Effects of Relocation on Child Custody
The Effect of Relocation on Child Custody Arrangements:
Where one parent moves a long distance away from the other parent, difficulties often arise. Some parties specifically adopt UCA 30-3-37 (a long distance parent time statute) to address it. However if the parties cannot agree that the children should be relocated, that often creates a basis for one party to attempt to change child custody. Unfortunately, the Utah Supreme Court and Court of Appeals have not given us a clear indication of how to analyze this scenario when sorting out the child’s best interests. However, in 2010, the judges were trained on certain factors the court should consider, including:
- History of Involvement by Noncustodial Parent (including post separation)
- Regular quality time, attending activities, medical visits, etc.?
- Geographical Distance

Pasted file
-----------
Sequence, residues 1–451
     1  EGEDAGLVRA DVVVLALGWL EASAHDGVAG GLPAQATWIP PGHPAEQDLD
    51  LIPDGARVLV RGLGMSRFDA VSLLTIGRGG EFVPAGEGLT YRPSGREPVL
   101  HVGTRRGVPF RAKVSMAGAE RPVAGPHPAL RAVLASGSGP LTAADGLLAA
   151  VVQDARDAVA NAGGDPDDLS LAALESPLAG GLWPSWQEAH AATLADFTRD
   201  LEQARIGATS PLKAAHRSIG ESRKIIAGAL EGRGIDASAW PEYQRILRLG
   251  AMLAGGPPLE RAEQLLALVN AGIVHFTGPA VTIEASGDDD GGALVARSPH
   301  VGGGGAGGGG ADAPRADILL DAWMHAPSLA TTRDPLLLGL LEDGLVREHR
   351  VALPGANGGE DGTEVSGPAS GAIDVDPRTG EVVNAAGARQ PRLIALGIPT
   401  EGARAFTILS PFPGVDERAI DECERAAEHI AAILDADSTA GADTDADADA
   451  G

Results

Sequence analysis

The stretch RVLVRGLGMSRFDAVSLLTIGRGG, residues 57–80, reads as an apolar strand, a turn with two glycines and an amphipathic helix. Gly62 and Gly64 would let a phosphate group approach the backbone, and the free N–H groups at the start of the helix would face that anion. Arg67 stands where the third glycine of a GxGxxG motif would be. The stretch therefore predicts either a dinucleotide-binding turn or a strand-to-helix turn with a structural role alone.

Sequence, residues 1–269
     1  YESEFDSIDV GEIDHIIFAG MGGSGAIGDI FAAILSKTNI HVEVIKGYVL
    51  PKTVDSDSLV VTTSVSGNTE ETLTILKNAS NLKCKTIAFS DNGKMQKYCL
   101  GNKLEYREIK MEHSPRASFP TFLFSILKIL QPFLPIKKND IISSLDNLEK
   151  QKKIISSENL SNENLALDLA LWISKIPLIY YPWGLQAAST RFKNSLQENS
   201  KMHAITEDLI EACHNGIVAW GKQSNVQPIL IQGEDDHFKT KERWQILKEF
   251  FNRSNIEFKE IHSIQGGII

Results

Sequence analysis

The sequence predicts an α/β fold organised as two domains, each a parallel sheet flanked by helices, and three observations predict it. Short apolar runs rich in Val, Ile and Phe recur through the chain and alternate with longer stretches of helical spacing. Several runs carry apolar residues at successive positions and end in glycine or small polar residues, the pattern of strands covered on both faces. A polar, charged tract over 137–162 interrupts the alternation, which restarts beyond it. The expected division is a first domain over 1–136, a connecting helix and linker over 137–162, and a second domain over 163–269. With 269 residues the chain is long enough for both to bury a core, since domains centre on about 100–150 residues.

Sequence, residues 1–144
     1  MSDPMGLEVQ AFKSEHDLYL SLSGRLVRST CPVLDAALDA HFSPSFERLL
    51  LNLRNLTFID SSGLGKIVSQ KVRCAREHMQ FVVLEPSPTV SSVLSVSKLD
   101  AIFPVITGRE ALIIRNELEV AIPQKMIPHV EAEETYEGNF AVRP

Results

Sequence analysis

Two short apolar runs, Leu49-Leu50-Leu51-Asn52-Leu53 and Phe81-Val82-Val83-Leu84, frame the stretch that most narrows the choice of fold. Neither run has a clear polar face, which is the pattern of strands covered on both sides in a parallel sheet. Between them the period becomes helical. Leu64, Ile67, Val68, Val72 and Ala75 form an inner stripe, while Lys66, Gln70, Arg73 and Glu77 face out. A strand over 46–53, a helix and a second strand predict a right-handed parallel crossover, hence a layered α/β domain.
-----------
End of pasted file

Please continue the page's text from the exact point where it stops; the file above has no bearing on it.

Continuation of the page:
- More than 1 hour drive (75 miles) interferes with continuous spontaneous parenting.
- More likely to fundamentally alter bond between parent and child.
- Financial burden, which families may not be equipped to carry to maintain relationship
- Cognitive and Emotional Status of the Child
- Has child shown distress, anxiety, etc?
- Special needs heightening benefit of 2 parent care?
- Psych condition that move would exacerbate (e.g., ADHD impact on loss of structure)
- Degree of child’s coping skills?
- Attachment of the Child to the Parents (not other way around)
- Is there clear difference in level of attachment to the parents?
- Who does child rely on when anxious or sick or in need?
- Does child articulate difference in trust level?
- What has the level of conflict been between child and parent?
- Basically, who is the psychological parent?
- Psychological Health of Both Parents
- Either parent have mental illness? (mental illness = poor parental coping with the move)
- Competent parenting by a nearby nonresidential parent is not sufficient to buffer the adverse effects of custodial parent pathology and poor parenting on children
- High levels of parental stress = poor child coping with move or other life event